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Indigenous Peoples' Perspective Project

Common Blackberry

Scientific Name: Rubus allegheniensis

Common Name: Allegheny blackberry, common blackberry

Plant Family: Rosaceae (Rose family)

Etymology: The scientific name for this plant arises from the Latin word Rubus, meaning “blackberry,” and allegheniensis identifies the region of North America.  

Parts Used: leaves, stems, fruit, roots

Season: summer, fall

Indigenous Uses

Blackberries provide food for people across North America. Indigenous peoples would eat the ripe berries fresh, ground with wild game meat to make pemmican cakes, or dried and stored for later consumption. As medicine, blackberries were used in the treatment of cancer, dysentery, diarrhea, whooping cough, colitis, toothache, anemia, psoriasis, sore throat, mouth ulcer, hemorrhoids, and minor bleeding. An infusion of the roots, sometimes mixed with blackberry leaves, is taken to treat diarrhea, rheumatism, colds, and cough. An infusion of the roots was used as a wash for sore eyes. A decoction of the stems was consumed for urinary tract infections. Its varied medicinal uses also included regulation of urination, use of root or leaf tea to check bowels, astringent and tonic, and treatment of venereal disease and phlegmatic conditions. Sweetened with honey the plant alleviated sore throat. Chewing the washed root cleansed the tongue, and the root tea with Virginia pine and alder was drunk and used as a wash for piles. Blackberry canes offered craft material for baskets woven with the stems once the thorns are removed.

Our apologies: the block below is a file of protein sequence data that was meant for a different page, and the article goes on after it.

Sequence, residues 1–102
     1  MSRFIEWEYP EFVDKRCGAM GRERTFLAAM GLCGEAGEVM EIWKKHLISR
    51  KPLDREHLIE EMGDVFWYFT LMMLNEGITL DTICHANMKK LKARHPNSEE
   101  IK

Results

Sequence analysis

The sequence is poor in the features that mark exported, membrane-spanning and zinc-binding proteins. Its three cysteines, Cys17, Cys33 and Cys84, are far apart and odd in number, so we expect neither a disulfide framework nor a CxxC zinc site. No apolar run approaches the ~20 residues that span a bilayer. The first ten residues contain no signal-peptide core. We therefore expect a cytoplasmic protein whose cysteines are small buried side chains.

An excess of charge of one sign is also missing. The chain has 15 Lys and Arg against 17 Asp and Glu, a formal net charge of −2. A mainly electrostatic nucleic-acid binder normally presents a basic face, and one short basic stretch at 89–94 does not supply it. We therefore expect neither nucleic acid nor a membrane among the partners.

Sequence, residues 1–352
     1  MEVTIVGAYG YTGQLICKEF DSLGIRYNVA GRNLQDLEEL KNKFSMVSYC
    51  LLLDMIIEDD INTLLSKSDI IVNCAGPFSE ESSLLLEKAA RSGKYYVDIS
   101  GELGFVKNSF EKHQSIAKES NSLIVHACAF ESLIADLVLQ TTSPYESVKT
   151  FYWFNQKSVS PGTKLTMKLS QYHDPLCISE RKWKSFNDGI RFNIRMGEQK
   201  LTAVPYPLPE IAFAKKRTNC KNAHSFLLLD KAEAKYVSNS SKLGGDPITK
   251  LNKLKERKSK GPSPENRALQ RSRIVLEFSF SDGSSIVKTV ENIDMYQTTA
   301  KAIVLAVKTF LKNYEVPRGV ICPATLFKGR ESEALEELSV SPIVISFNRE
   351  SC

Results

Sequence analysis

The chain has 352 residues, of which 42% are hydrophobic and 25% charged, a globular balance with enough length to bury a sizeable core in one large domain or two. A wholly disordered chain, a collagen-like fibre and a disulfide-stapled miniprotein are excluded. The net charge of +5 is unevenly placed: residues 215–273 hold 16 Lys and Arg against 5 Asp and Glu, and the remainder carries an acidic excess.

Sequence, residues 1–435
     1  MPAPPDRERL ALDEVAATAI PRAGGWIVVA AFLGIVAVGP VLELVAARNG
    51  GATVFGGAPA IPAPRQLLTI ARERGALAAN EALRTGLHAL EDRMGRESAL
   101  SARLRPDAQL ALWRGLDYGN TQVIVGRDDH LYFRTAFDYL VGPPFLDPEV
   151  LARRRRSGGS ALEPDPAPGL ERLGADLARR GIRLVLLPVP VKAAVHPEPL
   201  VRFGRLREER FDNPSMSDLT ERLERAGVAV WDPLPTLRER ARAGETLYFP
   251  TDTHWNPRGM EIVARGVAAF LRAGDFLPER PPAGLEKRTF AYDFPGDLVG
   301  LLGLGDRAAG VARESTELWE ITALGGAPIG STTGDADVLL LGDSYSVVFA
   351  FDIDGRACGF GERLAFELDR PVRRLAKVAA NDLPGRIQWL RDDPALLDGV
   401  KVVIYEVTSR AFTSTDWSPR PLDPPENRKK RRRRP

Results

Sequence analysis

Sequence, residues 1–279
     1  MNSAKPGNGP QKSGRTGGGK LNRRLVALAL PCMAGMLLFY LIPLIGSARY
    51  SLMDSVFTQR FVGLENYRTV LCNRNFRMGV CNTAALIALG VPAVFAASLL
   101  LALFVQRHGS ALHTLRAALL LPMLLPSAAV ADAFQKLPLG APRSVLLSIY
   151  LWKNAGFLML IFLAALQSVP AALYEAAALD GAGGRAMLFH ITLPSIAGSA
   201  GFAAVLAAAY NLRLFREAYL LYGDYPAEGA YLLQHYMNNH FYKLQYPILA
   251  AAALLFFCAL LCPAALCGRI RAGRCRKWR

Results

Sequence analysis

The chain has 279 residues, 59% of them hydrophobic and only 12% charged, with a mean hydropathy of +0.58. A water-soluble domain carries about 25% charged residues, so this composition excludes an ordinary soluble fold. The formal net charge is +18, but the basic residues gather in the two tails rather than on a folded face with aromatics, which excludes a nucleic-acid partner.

Edible Parts

Collect the dark, ripe berries in solid containers to prevent crushing. Enjoy raw or cooked into jams, sauces, and savory dishes. Preserve by freezing, fermenting into wine or making into cordials. The berries can also be used as a source of yeast for fermenting and flavoring alcoholic beverages. Use the fresh or dried leaves for infusions.

This project was made possible by a grant from Maryland Humanities, with funding received from the Maryland Historical Trust in the Maryland Department of Planning. Maryland Humanities’ Grants Program is also supported by the National Endowment for the Humanities and private funders. Any views, findings, conclusions, or recommendations expressed on this website do not necessarily represent those of Maryland Humanities, Maryland Historical Trust, Maryland Department of Planning, or National Endowment for the Humanities.

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